Swiss artist, designer of puppets and sets for a production that signalled the 20th century avant-garde in theatre. Sophie Taeuber-Arp originally specialized in textile design at the Stauffacher school in St. Gallen (Saint-Gall). She later studied in Germany, first at the Kunstgewerbeschule (School of Arts and Crafts) in Hamburg and then to the Lehr- und Versuch-Atelier für Angewandte und Freie Kunst (the experimental studio of applied and fine arts) run by Wilhelm von Debschitz in Munich. In 1915, she met Jean Arp, painter, sculptor, writer and co-founder of Dada, whom she married in 1922.

Sophie Taeuber-Arp’s work covers the gamut from abstract modern dance forms, inspired by Rudolf von Laban, to figurative art, puppets, textile design, to handicrafts. She exhibited her work with the Constructionists, the Concretists and the Surrealists, and was active in the Dada movement and the avant-garde in general. She was also interested in primitive art, radical psychology and the Bauhaus. She was director of the textile section of the Kunstgewerbeschule of Zurich from 1916 to 1929, the year she joined her husband in France.

In 1918, Alfred Altherr, director of the Kunstgewerbeschule, entrusted her with the design of sets and puppets for the production König Hirsch (The King Stag) by Carlo Gozzi in an original adaptation by René Morax, who introduced into it the feud between Freud and Jung. The play was directed by Werner Wolff. She designed the sets and the string puppets that were sculpted by Carl Fischer.

The characters are conceived according to elementary geometrical shapes – a constant in Taeuber-Arp’s work – with three-dimensional projections: cylinders, spheres, cones joined with metallic rings …The bodies of the puppets, segmented in several parts and with multiple articulations, are inspired by insects and the expressions on their faces remind one of Sophie Taube’s Dada Heads, among which is a portrait of Jean Arp. Her experience with dance is reflected in the movement of the puppets. The show opened on September 11, 1918, at the Schweizerisches Marionettentheater in Zurich and met with great success. Two famous Dadaists, Tristan Tzara and Waldemar, wrote glowing reports about it.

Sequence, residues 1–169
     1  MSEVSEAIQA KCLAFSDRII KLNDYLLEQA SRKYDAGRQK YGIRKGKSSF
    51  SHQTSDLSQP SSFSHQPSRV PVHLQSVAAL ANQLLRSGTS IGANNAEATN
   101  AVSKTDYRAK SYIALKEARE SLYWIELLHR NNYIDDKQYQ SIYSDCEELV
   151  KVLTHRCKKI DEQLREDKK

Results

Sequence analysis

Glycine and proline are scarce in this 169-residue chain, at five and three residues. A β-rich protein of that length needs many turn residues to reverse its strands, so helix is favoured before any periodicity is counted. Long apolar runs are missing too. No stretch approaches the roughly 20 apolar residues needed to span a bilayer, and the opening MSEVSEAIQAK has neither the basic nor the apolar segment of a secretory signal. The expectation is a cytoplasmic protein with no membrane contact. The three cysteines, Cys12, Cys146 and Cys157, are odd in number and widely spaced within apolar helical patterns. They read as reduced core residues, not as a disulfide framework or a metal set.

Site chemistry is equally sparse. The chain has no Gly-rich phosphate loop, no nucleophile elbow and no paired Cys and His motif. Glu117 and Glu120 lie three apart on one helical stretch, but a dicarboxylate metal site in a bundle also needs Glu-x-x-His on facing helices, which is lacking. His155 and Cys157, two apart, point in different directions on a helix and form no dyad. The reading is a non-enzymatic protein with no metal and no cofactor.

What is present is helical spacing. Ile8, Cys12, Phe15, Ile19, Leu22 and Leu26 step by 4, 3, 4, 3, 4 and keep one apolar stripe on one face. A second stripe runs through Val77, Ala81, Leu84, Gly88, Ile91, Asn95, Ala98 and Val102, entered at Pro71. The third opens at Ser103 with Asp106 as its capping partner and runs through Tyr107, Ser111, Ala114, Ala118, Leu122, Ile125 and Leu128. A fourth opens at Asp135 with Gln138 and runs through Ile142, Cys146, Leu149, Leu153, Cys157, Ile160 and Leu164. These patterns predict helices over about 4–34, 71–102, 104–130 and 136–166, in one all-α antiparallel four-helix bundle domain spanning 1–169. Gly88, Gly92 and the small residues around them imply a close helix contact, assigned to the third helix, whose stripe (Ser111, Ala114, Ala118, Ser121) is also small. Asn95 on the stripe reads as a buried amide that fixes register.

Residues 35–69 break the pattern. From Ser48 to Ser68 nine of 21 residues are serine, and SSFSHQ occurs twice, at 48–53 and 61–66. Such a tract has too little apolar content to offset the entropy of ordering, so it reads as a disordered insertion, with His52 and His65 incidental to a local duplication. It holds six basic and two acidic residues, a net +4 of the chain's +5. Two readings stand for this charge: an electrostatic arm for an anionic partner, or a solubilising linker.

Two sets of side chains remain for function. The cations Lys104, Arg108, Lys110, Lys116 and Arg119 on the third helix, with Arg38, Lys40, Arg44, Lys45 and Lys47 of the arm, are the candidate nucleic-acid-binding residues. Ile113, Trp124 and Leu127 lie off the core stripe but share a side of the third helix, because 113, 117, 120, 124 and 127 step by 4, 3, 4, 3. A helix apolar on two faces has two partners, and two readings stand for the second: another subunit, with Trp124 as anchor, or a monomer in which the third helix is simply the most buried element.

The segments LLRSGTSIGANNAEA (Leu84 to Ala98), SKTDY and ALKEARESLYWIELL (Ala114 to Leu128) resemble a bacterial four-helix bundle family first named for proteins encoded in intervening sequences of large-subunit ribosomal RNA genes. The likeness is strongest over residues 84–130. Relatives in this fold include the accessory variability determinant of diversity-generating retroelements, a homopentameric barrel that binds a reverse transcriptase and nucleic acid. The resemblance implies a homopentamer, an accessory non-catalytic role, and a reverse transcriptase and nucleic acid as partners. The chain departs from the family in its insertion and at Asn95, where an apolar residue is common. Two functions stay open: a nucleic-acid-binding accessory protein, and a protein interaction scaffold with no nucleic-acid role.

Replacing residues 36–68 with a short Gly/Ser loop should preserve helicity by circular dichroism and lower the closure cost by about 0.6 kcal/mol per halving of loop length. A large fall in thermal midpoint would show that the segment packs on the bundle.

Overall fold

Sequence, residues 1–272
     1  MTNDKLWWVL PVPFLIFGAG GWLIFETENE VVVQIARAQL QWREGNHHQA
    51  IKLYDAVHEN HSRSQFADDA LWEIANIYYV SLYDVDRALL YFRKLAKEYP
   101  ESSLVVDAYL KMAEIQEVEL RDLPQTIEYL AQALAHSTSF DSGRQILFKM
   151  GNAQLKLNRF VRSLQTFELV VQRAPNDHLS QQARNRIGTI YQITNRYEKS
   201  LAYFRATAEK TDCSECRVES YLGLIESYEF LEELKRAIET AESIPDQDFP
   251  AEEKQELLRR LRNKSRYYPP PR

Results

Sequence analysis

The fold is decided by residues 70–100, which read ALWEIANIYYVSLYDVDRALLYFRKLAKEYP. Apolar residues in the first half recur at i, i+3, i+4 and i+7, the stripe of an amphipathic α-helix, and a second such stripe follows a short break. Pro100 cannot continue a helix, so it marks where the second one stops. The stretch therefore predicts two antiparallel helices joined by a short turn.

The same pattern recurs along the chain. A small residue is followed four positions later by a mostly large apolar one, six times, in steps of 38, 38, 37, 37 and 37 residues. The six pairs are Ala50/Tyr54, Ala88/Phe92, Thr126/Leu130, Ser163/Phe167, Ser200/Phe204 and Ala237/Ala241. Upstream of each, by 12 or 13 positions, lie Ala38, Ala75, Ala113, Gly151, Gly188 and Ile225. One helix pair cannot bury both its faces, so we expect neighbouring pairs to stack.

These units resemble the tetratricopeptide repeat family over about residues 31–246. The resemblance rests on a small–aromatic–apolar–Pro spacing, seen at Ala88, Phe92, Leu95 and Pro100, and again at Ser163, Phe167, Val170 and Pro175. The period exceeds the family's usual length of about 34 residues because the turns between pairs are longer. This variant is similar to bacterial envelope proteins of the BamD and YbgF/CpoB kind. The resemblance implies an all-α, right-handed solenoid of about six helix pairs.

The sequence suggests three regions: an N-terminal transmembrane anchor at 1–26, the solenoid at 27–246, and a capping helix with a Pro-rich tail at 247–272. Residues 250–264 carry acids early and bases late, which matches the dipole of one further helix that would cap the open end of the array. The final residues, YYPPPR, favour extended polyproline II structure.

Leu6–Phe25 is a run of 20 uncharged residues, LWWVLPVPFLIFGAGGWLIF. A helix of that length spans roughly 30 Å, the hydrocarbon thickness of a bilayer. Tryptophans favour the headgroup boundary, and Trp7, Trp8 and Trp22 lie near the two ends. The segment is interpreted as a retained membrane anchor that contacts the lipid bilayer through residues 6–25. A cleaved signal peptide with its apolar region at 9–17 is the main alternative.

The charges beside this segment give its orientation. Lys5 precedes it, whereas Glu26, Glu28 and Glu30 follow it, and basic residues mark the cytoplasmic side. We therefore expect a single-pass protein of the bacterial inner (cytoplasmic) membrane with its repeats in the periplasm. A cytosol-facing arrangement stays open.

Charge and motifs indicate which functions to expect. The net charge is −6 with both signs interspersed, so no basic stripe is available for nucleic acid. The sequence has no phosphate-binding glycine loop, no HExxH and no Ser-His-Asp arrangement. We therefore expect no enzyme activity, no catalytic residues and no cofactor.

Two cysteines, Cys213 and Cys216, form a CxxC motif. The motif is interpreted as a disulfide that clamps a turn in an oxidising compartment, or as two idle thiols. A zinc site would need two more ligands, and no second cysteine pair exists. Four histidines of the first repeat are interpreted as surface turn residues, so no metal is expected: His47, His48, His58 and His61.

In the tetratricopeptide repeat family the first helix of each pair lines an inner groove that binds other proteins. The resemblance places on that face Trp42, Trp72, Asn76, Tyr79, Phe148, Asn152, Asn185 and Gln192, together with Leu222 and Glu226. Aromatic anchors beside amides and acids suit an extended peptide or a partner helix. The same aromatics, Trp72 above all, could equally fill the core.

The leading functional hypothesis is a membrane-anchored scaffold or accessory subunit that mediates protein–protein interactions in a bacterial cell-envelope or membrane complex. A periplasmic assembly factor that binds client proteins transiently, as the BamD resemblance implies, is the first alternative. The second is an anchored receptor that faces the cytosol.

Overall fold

König Hirsch was reprised in 1965 by the St. Galler Puppentheater (voir Figurentheater St. Gallen) and, in 1993, by the Zürcher Marionetten. Currently, the string puppets of Sophie Taeuber-Arp are conserved at the Museum Bellerive in Zurich.

(See Switzerland.)


  • Kotte, Andreas, Simone Gojan, Joël Aguet, and Pierre Lepori, eds. Theaterlexikon der Schweiz/Dictionnaire du théâtre en Suisse/Dizionario teatrale svizzero/Lexicon da teater svizzer. Berne: Chronos, 2005. (In German, French, Italian, Romansh)
  • Mikol, Bruno. “Figures d’art: les marionnettes de Sophie Taeuber et de Otto Morach”. Puck. No. 1. Charleville-Mézières: Éditions de l’Institut international de la marionnette, 1988.
  • Sophie Taeuber. Exhibition catalogue. Paris: Éditions Paris Musées, 1989.